7. “Genius of Love,” Tom Tom Club. Chris Frantz take it away, “There was this one song that I loved called ‘More Bounce to the Ounce’ by a group called Zapp, and ‘Genius of Love’ was inspired by that. If you listen side by side, they’re very different, but the feel of it — a laid-back kind of groove as opposed to a hyper, cocaine kind of groove — it was more laid back and I think that’s one of the reasons why it continues to be perfect for people to rap over. It was a song that was pioneering. At the time there was nothing that sounded like it, and frankly, except for the people that have sampled it, there still isn’t.”

8. “Girls Like Me,” Bonnie Hayes with the Wild Combo. The All Music Guide calls the 1982 Bonnie Hayes/Wild Combo album “probably the finest album of the entire early-’80s California girl pop scene” and “a neglected ’80s pop masterpiece.” Therefore, I think we can assume this record was released in the ‘80s. Hayes would go on to write “Love Letter” and “Have a Heart,” which were popularized by Bonnie Raitt, but stick with “Girls Like Me” for bursting new wave fun.

9. “Golden Brown,” The Stranglers. The Stranglers were saturated with ugly punk rock attitude on 1977’s “Peaches,” but sound like absolute gentlemen on this demented (i.e., modified) waltz time number that isn’t about a perfect chicken leg. I would have thought that The Stranglers would have succumbed to carpal tunnel syndrome by now, but they continue to tour and record.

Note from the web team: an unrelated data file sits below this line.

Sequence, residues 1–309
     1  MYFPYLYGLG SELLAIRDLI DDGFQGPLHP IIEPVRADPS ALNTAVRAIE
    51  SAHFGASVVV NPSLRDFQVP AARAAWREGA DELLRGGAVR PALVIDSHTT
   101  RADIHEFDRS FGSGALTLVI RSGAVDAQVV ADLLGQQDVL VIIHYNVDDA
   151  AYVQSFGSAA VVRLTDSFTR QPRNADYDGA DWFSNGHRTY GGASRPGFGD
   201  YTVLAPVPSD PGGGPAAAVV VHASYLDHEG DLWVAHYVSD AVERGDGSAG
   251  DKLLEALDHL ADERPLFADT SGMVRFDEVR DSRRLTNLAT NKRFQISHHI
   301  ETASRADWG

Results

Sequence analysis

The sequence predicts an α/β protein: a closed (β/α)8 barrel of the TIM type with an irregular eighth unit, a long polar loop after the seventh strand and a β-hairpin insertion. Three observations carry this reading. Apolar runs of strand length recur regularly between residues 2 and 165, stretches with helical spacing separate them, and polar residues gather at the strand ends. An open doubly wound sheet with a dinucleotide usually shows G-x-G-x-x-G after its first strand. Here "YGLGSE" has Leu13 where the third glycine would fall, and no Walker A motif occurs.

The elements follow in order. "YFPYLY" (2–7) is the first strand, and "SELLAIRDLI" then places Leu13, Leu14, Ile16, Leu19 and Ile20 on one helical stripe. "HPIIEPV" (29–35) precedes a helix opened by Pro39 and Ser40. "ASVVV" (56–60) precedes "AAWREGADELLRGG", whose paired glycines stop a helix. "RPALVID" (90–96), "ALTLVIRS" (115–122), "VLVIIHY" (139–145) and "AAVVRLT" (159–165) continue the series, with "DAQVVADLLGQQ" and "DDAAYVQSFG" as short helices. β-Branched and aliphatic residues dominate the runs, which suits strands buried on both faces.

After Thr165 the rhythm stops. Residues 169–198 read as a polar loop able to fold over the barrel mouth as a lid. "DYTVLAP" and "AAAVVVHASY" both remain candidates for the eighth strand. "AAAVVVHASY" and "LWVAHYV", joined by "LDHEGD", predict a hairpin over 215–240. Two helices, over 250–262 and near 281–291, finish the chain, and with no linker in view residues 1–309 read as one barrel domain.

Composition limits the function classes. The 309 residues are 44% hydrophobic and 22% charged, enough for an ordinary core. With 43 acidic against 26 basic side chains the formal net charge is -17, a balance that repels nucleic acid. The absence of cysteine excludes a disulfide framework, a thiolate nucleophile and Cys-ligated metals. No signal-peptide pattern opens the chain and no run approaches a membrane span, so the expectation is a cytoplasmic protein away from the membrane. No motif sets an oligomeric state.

10. “I Ran (So Far Away),” A Flock of Seagulls. Due to Mike Score’s insistence on sporting the silliest hairstyle in the history of popular music, A Flock of Seagulls has forever been somewhat of a new wave punch line. A shame, since they produced both fine singles and albums in the early ‘80s. Even as a fan, I can’t think of them without the following CREEM tagline – “Look Out Below!”

11. “I.G.Y. (What a Beautiful World),” Donald Fagen. I believe it was Rob O’Connor who once quipped, “What’s the difference between a Steely Dan album and a Donald Fagen solo album? Ask Walter Becker’s accountant.” On “I.G.Y.,” Fagen uses that familiar understated Steely Dan swing to celebrate the Cold War Era International Geophysical Year, which led directly to the Antarctic Treaty in 1959. No polar bears were harmed in the typing of this entry.

12. “Kids in America,” Kim Wilde. Wilde was one of Britain’s top pop stars in the ‘80s and her breakthrough hit went Top Ten in fourteen countries, but not in the U.S. Almost two decades after releasing one of the most vibrant hits of the new wave era, Wilde became recognized in England as one of the country’s leading gardening experts. Due to Rock NYC’s strict ban on jokes that include the words “plow,” “kumquat,” and “hoe,” I’ll stop here.